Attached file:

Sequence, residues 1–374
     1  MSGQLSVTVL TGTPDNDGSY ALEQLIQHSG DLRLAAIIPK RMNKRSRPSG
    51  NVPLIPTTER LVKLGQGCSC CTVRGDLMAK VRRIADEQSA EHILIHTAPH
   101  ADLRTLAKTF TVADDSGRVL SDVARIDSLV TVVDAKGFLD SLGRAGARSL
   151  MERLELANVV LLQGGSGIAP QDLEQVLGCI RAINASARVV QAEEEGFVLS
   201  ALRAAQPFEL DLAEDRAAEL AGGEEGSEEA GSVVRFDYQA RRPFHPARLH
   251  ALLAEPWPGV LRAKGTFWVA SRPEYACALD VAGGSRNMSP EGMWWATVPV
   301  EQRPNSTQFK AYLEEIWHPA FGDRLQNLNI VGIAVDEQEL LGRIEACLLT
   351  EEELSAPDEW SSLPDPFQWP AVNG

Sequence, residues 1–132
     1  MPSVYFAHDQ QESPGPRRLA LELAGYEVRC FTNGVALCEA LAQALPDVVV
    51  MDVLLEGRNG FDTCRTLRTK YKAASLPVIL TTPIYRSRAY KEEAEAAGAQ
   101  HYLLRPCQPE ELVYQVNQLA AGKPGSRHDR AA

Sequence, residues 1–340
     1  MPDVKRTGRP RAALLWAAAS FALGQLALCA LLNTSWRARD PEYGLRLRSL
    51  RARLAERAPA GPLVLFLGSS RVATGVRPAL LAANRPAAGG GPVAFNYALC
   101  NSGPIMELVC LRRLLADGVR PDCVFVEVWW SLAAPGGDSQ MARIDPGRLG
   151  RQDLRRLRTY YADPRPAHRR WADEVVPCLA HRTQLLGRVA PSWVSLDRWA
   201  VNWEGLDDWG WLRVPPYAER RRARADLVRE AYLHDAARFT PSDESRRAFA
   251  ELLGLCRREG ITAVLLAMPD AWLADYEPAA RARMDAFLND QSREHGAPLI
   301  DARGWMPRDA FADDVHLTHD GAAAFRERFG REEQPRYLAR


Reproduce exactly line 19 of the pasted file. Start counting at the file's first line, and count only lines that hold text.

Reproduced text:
   201  VNWEGLDDWG WLRVPPYAER RRARADLVRE AYLHDAARFT PSDESRRAFA